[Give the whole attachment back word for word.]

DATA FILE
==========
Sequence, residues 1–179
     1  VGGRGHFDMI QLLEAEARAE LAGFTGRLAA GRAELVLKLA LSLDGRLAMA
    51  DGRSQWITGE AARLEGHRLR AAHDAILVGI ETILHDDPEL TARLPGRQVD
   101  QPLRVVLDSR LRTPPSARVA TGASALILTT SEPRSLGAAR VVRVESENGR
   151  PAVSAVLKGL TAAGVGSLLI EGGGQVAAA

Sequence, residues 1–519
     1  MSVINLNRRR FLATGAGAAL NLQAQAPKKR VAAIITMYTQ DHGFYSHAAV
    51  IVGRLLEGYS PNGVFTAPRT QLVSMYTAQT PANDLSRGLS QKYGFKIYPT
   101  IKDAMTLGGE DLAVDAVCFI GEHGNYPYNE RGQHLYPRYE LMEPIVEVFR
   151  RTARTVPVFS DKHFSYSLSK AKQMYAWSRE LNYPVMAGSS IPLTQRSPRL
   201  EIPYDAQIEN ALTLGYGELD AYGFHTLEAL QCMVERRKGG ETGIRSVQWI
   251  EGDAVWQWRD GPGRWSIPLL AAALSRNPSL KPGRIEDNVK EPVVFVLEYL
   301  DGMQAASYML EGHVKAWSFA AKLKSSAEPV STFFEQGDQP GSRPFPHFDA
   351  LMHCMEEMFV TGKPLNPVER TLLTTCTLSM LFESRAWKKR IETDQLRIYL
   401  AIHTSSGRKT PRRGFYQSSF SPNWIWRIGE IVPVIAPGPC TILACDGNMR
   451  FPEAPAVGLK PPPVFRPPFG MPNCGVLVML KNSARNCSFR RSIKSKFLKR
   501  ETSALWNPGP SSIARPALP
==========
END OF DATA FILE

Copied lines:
Sequence, residues 1–179
     1  VGGRGHFDMI QLLEAEARAE LAGFTGRLAA GRAELVLKLA LSLDGRLAMA
    51  DGRSQWITGE AARLEGHRLR AAHDAILVGI ETILHDDPEL TARLPGRQVD
   101  QPLRVVLDSR LRTPPSARVA TGASALILTT SEPRSLGAAR VVRVESENGR
   151  PAVSAVLKGL TAAGVGSLLI EGGGQVAAA

Sequence, residues 1–519
     1  MSVINLNRRR FLATGAGAAL NLQAQAPKKR VAAIITMYTQ DHGFYSHAAV
    51  IVGRLLEGYS PNGVFTAPRT QLVSMYTAQT PANDLSRGLS QKYGFKIYPT
   101  IKDAMTLGGE DLAVDAVCFI GEHGNYPYNE RGQHLYPRYE LMEPIVEVFR
   151  RTARTVPVFS DKHFSYSLSK AKQMYAWSRE LNYPVMAGSS IPLTQRSPRL
   201  EIPYDAQIEN ALTLGYGELD AYGFHTLEAL QCMVERRKGG ETGIRSVQWI
   251  EGDAVWQWRD GPGRWSIPLL AAALSRNPSL KPGRIEDNVK EPVVFVLEYL
   301  DGMQAASYML EGHVKAWSFA AKLKSSAEPV STFFEQGDQP GSRPFPHFDA
   351  LMHCMEEMFV TGKPLNPVER TLLTTCTLSM LFESRAWKKR IETDQLRIYL
   401  AIHTSSGRKT PRRGFYQSSF SPNWIWRIGE IVPVIAPGPC TILACDGNMR
   451  FPEAPAVGLK PPPVFRPPFG MPNCGVLVML KNSARNCSFR RSIKSKFLKR
   501  ETSALWNPGP SSIARPALP